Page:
Ethical Dilemma

Anyone can be a publisher, but is that okay? Don’t get me wrong I love the fact that people can share their views and ideas with each other online, but blogs are becoming news. Readers are starting to take what they read in blogs as fact, and most of the time, it’s not.

Many online sources are not even credible, and even if they have been some form of fact-checked, the information is not well-rounded. Most of these articles come from print sources, they rarely use primary sources. As stated by Gary Kamia, “Observation is the building block of not just journalism, but of all human knowledge.” We NEED primary sources, and we need more then one person reporting on them. How else can we get a well-rounded, educated opinion? I am a very out-spoken person and I am not saying people shouldn’t share their beliefs, but opinions should be left for the opinion section, and news should be objective. Provide all sides of the story, and let the public make up there own minds. I’m not saying death to blogs, but lines must be drawn. The SPJ Code of Ethics should apply to any, and all, online journalism. Including blogs.

Since our last class I keep picturing the girl fight video that we watched and asking myself the same question, Is it journalism? According to Dan LaFave, “If someone didn’t know something and they’re interested in it, and you bridge that gap, that’s journalism.” I have to agree with LaFave on this one. Journalists are supposed to report on what’s happened. So if the story is true, and you report on it and it gets published, that’s technically journalism. I think instead we need to ask ourselves what kind of journalism this is. Are these really the kinds of things we want to take seriously?

Then again, we’ve created an entire industry on getting off of other people’s humiliation. There’s no question, embarrassment sells big. And news mediums need the money.  Videos are flashy. And they are easy. I love to read books, but I hate reading long articles/blogs online. I love Reddit, I go on it everyday. If you haven’t heard of it, check it out. But I will admit, I won’t click on titles that are more than a few lines long. If a link takes me to a long article, I’ll skim or read the first few paragraphs. If a video takes too long to download, I’ll just hit the back button and move on to the next post. As Huber said in class, “Who reads words anymore?”

Most of the people who viewed the girl fight post, only looked at the headline and watched the video. Hardly anyone read the actual content of the article. They did not get the context or relevance of the story. I think we need to decide what kind of journalism is truly important, and then actually read that news thoroughly and objectively, so we can form our own well-informed opinions.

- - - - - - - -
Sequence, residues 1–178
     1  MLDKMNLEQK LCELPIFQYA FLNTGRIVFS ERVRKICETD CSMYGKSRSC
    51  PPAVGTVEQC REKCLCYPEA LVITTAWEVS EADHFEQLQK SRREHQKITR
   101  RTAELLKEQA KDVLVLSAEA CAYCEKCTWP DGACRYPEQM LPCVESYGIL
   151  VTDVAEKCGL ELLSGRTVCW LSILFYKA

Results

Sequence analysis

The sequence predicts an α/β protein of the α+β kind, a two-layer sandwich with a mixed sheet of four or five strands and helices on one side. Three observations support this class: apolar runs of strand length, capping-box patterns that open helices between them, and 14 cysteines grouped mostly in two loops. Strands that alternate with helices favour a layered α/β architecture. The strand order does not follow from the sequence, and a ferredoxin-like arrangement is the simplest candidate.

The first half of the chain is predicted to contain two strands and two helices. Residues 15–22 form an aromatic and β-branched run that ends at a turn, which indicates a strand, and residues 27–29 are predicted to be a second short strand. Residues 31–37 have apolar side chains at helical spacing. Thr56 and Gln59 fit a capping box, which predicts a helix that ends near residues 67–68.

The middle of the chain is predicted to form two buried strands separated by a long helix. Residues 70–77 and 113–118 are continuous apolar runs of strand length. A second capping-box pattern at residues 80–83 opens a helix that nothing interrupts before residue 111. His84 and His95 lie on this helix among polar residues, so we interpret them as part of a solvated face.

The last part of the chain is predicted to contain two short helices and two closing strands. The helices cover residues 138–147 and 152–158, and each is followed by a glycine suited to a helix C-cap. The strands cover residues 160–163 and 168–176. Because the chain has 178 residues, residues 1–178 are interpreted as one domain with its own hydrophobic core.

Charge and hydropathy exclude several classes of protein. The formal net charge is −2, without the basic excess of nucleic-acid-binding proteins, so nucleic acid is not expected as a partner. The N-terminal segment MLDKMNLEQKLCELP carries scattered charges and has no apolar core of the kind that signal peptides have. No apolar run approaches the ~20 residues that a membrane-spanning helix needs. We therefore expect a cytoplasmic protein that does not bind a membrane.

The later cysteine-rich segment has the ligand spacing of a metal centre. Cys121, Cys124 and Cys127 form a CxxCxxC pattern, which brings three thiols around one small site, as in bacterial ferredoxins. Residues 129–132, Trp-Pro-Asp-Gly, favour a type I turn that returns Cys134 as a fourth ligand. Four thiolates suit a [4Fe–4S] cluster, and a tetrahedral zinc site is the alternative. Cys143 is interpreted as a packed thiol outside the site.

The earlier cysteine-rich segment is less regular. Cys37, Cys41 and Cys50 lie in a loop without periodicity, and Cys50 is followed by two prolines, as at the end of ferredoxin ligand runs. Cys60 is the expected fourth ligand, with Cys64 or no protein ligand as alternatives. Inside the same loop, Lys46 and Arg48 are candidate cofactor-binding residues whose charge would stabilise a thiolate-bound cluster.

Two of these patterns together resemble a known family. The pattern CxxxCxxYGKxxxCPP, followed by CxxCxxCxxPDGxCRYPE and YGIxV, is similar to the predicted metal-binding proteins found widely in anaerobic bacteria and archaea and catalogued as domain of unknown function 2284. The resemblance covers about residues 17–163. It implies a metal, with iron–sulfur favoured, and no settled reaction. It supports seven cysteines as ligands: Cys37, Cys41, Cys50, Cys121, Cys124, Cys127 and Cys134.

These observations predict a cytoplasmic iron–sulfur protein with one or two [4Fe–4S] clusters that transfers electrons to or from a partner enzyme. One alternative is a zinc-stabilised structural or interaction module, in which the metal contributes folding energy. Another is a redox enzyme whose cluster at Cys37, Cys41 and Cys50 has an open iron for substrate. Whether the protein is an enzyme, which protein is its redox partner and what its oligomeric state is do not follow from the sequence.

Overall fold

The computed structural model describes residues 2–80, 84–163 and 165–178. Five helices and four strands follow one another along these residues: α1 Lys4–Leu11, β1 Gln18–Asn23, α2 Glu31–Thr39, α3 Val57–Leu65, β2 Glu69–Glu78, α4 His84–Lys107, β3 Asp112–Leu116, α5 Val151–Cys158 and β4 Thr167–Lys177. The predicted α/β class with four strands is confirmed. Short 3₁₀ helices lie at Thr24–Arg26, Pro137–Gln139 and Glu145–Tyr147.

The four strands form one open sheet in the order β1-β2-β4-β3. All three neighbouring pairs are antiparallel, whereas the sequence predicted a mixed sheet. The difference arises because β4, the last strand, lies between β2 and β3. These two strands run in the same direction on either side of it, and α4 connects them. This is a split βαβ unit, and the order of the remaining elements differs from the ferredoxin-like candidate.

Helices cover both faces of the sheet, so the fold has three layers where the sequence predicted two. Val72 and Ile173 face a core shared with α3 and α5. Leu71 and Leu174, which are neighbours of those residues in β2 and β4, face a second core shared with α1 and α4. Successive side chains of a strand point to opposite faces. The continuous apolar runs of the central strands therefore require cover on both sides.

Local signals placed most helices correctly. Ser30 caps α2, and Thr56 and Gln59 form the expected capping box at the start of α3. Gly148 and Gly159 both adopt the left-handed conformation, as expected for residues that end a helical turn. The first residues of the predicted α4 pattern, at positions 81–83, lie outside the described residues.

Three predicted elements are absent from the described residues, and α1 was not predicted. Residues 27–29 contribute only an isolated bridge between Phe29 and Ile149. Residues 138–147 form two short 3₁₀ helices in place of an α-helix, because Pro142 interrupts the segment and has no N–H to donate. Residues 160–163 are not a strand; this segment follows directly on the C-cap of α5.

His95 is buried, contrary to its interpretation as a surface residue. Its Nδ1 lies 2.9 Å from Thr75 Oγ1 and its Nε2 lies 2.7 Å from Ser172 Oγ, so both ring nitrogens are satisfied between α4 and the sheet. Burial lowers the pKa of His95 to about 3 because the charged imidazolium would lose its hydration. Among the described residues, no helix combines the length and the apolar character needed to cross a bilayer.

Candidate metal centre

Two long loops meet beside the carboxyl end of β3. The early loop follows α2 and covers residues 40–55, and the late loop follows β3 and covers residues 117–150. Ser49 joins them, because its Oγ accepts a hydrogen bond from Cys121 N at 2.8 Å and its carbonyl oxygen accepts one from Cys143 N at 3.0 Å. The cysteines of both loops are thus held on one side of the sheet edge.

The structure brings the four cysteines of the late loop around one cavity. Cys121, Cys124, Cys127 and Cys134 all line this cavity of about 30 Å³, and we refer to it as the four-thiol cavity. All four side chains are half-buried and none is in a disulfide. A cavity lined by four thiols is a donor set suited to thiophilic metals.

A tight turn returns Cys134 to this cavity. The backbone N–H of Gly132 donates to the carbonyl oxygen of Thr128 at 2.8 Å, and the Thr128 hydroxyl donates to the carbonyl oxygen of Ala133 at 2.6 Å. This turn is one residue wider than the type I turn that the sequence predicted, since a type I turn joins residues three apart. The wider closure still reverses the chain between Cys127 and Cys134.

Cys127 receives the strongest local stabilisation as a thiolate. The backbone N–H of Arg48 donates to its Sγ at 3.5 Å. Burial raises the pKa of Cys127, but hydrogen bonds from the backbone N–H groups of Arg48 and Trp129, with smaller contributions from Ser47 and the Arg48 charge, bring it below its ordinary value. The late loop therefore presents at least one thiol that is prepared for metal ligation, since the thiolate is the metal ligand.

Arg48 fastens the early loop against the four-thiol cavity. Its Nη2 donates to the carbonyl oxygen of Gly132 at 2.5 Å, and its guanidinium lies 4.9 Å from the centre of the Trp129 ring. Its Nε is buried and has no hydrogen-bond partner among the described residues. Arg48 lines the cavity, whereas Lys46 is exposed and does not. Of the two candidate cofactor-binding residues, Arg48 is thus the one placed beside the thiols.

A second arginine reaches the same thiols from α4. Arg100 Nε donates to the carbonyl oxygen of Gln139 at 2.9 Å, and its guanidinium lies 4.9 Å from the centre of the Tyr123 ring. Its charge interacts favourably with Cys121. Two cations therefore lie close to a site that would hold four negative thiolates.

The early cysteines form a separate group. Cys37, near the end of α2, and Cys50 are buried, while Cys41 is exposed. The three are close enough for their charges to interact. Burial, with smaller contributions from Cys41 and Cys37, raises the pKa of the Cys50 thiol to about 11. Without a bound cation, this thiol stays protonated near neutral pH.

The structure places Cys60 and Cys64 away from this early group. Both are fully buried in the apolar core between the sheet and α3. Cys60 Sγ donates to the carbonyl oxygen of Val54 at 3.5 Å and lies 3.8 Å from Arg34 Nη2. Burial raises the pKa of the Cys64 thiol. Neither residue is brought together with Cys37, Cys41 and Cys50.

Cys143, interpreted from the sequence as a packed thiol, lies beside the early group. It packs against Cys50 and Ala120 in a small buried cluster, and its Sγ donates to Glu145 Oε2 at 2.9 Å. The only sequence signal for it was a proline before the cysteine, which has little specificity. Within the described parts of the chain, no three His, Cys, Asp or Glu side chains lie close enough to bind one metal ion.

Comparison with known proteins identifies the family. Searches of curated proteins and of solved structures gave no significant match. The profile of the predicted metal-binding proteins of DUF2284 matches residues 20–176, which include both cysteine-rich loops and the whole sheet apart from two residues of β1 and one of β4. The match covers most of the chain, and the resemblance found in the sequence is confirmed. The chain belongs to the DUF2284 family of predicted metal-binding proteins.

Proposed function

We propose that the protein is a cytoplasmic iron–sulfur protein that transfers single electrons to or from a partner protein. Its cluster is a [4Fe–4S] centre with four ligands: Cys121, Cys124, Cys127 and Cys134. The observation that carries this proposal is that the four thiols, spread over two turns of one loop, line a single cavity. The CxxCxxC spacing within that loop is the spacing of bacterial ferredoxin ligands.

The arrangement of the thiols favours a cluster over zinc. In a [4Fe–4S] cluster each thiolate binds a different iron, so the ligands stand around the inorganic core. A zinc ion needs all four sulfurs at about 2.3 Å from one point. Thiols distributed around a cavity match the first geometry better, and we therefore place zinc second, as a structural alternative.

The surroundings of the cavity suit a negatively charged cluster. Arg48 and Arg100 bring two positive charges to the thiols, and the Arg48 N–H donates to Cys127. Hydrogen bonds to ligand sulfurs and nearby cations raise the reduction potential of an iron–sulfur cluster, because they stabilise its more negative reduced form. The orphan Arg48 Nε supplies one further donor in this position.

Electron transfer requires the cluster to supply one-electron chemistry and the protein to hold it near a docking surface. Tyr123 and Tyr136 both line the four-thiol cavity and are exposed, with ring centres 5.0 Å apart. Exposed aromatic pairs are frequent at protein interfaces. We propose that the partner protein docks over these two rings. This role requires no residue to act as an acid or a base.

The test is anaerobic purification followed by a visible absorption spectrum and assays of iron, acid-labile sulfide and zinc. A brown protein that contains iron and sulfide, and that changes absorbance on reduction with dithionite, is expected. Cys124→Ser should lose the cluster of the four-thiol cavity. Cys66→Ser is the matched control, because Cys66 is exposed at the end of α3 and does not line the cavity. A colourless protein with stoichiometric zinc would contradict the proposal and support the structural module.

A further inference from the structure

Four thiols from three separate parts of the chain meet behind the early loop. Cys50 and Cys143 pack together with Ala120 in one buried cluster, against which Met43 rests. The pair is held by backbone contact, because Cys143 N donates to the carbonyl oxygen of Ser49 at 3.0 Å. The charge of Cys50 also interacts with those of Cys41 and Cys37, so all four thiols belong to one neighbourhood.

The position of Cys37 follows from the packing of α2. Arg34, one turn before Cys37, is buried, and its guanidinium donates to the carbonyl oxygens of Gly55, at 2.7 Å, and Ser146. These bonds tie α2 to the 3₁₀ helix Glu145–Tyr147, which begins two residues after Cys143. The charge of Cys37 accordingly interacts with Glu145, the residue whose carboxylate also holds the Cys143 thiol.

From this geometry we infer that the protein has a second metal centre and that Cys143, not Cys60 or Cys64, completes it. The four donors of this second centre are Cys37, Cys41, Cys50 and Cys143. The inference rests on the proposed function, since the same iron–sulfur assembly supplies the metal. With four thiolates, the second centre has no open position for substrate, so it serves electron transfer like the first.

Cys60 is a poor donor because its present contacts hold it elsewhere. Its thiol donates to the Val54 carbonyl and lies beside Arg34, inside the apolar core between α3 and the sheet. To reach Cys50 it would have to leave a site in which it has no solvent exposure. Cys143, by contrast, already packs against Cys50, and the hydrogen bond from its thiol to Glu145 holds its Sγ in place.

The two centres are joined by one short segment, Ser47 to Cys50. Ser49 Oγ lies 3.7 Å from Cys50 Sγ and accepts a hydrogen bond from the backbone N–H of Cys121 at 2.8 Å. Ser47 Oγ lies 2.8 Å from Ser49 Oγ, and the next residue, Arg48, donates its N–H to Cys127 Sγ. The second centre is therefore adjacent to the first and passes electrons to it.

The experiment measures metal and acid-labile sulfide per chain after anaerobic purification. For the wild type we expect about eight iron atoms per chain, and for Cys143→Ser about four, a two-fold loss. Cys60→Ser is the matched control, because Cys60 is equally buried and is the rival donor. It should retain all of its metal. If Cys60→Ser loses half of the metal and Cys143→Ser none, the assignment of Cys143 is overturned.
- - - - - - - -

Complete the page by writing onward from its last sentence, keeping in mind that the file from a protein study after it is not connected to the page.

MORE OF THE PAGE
The Shirley Sherrod story shows what can happen when videos/news is taken out of context. Sherrod was labeled as a racist because of a statement she made when she was giving a speech. The NAACP refused to back her and she felt compelled to quit her job.

However, the statement she made was taken completely out of context. The woman was referring to a white family whose farm, as it turns out, she helped save. The NAACP apologized to her, and offered her her job back, but it was to late. Sherrod refused to return to an organization that had turned their backs in her time of need.

Our job as journalists is to tell the whole story. Which was clearly not done in this situation. We are too quick to judge.

According to William Saleton, Andrew Breitbart, the “journalist” who posted the clip, didn’t care about getting the full story, he just cared about the political struggle between the Tea Party and the NAACP. He only posted the story to embarrass the NAACP. So were brought right back to embarrassment. Why do we love humiliating people so much? It’s one thing to post a girl fight, but to post an extremely slanted video that causes someone to lose their job? That is not jounalism and it is not ethical. Seek the truth and report it fully. Breitbart did the complete opposite. That is not journalism.

So yes, the SPJ Code of Ethics should apply to online journalism the same as it does print. From seeking the whole truth and remaining objective to accepting gifts.

Would I take those damn Journey tickets? No. Because I hate Journey. But if it was a band that I liked? I’m not sure. I want to say that that it’s okay to accept gifts and freebies to an extent, because I know people in other professions do it, but that there should be a line somewhere. Like a free drink or comped lunch is okay, but nothing bigger than that. But concert tickets are more expensive than a lunch, so where do you draw the line. That’s when I have to swing to the other side and say no gifts, no matter the size, should be accepted.

Personally I have to agree with Mr. LaFave again. You should be able to accept freebies as long as it doesn’t affect your work. A restaurant can comp your meal for you, but if it sucks, you report that it sucks. But let’s admit it, that would be chaos. If you smudge that line, someone somewhere down the road is going to cross it. So the line must be bold-faced and absolute.

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One Response to Ethical Dilemma

  1. Pingback: Ethics Dilemma | Topics in Journalism: Social Media

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